Maslo Inch: The power-hungry High Examiner of Aramanth in Book 1. He punishes the Hath family for rebelling against his system of examinations and ratings, but is stripped of power when Aramanth is freed from the Morah. He also discovers that he is the father of Mumpo. After the loss of his title, Maslo becomes a humble person, and hardly an adequate father for Mumpo. He is burned to death by Marius Semeon Ortiz, a general of the Mastery.

Pinto (Pinpin) Hath: Kestrel and Bowman's younger sister. She takes her first test at the age of two at the beginning of the story. As she grows older she becomes infatuated with Mumpo, to the point of hating her sister, through jealousy of Mumpo's adoration of her. She shares Kestrel's fiery determination, and can communicate telepathically with wolves. She eventually marries Mumpo.

Hanno Hath: Kestrel, Bowman and Pinto's father. He works as a librarian, and although intelligent, performs poorly in Aramanth's High Examinations due to his quiet rebellion against the system. When he is taken away to a Residential Study Course, which is described as "more like prison", he stirs himself and the other members up in rebellion. Members of this group, including Miko Mimilith and especially Scooch, become more trusting of Hanno through this. Hanno becomes the leader of the Manth people after they escape from the Mastery and successfully leads them to the Manth homeland.

Ira Hath: Hanno's wife. Descended from the great prophet Ira Manth, Ira often enjoys using her 'prophetess voice'. She decides, after Kestrel and Bowman begin their quest and her husband is imprisoned, to actually act as a prophetess, wearing forbidden many-coloured clothing and standing at the foot of the wind singer to preach to the people. Throughout the second and third books, her powers of prophecy grow as her strength wanes. She eventually leads the Manth people to their promised land, but dies just before she herself reaches it.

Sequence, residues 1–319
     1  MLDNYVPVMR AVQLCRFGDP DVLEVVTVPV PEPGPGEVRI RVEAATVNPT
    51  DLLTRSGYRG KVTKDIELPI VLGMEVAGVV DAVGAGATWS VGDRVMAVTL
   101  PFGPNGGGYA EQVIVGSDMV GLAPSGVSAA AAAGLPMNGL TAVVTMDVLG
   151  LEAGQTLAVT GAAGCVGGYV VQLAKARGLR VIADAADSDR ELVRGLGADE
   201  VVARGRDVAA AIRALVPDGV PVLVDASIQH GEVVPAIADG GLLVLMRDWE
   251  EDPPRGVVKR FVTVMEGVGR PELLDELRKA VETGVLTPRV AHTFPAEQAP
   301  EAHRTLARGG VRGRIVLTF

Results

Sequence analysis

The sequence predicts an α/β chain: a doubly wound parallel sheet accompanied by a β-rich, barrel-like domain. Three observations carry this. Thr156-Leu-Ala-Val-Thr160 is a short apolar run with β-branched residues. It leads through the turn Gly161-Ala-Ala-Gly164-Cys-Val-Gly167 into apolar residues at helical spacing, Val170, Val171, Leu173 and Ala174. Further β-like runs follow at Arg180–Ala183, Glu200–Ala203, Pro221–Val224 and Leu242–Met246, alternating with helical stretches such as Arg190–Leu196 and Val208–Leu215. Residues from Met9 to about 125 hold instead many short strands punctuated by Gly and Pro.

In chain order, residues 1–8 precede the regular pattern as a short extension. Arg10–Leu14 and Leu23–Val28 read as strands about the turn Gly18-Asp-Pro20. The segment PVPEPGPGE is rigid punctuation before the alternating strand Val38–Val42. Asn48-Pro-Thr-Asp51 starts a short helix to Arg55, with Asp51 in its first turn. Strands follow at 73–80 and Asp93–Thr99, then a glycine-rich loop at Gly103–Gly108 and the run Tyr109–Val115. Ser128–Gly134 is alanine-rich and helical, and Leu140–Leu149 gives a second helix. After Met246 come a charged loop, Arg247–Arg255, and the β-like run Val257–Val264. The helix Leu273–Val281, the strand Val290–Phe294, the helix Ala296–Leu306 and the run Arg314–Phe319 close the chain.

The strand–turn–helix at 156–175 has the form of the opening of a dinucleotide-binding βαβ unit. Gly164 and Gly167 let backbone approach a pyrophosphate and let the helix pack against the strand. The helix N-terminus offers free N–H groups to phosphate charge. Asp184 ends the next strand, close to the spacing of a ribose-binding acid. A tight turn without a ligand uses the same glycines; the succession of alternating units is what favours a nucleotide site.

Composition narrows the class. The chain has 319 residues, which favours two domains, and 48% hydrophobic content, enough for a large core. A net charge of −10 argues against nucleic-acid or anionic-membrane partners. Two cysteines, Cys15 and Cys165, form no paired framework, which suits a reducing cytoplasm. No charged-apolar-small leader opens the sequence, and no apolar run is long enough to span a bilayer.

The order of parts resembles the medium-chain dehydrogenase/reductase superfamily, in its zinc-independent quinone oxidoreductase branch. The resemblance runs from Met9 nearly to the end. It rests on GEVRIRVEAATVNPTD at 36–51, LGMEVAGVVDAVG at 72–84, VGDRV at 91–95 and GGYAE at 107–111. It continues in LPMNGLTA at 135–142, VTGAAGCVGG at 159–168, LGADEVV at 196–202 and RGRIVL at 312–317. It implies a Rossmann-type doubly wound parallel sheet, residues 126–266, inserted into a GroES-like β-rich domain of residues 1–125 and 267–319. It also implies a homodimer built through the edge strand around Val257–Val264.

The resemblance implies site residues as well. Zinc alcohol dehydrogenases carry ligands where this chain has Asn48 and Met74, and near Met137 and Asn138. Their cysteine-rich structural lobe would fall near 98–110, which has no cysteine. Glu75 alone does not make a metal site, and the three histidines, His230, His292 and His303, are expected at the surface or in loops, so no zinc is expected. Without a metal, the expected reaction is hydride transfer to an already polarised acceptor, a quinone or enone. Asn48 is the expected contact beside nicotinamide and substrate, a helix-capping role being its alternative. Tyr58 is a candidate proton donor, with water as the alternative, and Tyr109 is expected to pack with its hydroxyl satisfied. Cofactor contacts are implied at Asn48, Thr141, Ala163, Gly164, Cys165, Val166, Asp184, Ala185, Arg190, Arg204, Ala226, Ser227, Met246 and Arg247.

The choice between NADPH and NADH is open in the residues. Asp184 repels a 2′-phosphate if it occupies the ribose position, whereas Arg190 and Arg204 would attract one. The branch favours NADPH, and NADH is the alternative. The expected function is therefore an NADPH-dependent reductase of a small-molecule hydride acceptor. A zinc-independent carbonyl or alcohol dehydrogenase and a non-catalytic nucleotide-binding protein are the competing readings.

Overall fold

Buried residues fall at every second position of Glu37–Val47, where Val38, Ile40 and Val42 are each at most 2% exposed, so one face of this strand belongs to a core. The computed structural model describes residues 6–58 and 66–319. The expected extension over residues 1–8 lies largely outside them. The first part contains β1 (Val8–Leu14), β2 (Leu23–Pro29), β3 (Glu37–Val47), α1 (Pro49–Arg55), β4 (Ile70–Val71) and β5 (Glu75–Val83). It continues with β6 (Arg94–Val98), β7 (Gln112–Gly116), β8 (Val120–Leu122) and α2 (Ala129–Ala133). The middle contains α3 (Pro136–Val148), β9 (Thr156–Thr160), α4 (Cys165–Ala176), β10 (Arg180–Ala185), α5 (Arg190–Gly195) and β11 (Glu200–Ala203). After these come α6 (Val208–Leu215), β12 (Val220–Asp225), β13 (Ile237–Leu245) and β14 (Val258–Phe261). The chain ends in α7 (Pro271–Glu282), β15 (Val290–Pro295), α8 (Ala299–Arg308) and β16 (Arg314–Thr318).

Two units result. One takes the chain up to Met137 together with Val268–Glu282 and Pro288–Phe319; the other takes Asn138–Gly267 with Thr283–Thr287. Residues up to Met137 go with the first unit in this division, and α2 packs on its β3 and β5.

Mumpo: A dribbling and foul-smelling boy who is at the bottom of Kestrel's class. It is implied that he suffers from some form of learning disability. As the books progress, however, he matures and becomes surprisingly endearing. Kestrel hates him in the first book and is angered that he joins her quest, but learns to like him. In the second book he trains to be a gladiator for the Mastery. This training makes him the Manth people's best warrior.

Sirharasi (Sisi): Featurings only in books 2 and 3, she is a beautiful but spoiled and childish princess, who has an arranged marriage to Ortiz, heir of the Master. After falling in love with Bowman, she rebels and refuses to marry, which throws the whole country of the Mastery into chaos, she then marries Bowman and has several children by him.

Marius Semeon Ortiz: The next in line to the Mastery, a prominent general.

Albard: A.K.A. the Master, a rebellious Singer. In Firesong he teaches Bowman how to use his powers.